This is shown in a research study that started in 2016 and has been ongoing ever since, with a break during the pandemic. The research group includes staff from Dalarna and Gävleborg, among others.

"About 80-100 people seek help for respiratory problems during the competition. About half of them have swimming caused pulmonary edema, but not all of them seek help," says Maria Hårdstedt, a doctor and researcher in charge of the research study.

Swimming-induced pulmonary edema means that fluid from one's own body enters the lungs. It can affect those who swim in cold water.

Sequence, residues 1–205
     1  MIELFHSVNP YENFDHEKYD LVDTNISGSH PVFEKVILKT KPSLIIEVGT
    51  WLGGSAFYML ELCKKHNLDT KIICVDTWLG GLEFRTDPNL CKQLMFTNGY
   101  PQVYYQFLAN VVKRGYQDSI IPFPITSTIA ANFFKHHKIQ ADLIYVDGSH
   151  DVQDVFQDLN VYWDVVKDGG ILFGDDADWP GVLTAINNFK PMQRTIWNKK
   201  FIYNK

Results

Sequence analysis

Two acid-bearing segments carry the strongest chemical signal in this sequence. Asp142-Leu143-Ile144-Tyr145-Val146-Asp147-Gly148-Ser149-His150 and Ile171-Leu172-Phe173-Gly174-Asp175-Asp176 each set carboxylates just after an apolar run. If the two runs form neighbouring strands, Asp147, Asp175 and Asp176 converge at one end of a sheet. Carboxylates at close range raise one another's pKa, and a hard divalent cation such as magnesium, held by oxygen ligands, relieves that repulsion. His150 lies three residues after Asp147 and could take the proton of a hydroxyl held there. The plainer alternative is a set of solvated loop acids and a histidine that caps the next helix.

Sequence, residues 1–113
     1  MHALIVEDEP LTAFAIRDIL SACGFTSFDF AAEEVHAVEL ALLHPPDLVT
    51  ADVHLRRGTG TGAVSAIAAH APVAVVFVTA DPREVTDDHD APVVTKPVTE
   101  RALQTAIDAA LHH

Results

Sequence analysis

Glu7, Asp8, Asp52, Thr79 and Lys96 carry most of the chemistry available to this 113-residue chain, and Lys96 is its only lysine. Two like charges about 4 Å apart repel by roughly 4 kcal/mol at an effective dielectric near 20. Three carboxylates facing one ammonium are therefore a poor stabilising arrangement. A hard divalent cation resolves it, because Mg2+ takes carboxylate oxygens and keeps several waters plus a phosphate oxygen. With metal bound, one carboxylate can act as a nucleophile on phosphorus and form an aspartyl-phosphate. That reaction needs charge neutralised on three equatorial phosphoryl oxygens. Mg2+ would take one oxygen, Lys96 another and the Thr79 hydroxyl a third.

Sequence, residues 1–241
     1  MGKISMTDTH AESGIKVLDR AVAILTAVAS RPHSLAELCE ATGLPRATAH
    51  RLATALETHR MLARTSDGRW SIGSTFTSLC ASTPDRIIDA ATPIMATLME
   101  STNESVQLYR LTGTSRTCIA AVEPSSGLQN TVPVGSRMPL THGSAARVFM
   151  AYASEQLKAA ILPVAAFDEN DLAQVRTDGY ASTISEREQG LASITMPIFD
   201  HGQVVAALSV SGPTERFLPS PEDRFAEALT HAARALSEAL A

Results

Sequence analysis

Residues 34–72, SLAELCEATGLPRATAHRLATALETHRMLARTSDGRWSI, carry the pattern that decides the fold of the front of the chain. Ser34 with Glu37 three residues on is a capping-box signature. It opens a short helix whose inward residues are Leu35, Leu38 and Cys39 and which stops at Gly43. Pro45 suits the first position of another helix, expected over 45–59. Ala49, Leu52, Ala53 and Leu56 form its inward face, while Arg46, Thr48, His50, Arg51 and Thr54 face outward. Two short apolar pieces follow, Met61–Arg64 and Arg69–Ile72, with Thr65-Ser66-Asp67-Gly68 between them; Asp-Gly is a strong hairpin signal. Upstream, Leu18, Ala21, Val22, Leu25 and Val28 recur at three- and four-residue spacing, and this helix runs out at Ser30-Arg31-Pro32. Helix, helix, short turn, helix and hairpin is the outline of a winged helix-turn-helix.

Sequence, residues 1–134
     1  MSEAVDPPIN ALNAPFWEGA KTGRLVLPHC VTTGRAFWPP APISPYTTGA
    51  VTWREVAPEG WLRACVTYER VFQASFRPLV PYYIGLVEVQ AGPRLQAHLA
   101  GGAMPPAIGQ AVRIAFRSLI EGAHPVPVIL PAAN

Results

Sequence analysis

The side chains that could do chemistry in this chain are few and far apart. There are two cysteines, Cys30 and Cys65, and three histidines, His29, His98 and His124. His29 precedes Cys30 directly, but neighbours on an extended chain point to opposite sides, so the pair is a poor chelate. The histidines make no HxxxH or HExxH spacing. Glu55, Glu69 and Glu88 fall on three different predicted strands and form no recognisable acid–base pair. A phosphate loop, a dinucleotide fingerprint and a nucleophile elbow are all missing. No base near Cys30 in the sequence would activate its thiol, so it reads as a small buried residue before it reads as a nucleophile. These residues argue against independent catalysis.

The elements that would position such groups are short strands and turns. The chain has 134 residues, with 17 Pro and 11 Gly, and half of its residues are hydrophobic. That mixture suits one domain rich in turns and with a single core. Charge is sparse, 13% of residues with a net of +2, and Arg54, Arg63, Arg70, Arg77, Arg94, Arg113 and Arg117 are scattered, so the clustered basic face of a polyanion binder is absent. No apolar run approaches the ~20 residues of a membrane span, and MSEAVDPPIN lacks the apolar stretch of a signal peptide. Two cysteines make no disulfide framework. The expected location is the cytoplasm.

"Picking people up earlier"

"What we have been able to see since the study started is that the number of people who become seriously ill has decreased. We've gotten better at getting people out of the water earlier.

Vansbroswimmingen has also taken other measures since the study started, including creating the opportunity to step into the water and warm up before starting.

Focuses on the heart

This year, the focus is on studying the heart and its load in connection with pulmonary edema. The acute treatment will also be evaluated, where patients are given increased back pressure to be able to push the fluid back into the lungs.

The study is currently licensed to run until 2025.

This has been seen so far in the research study – click on the video above.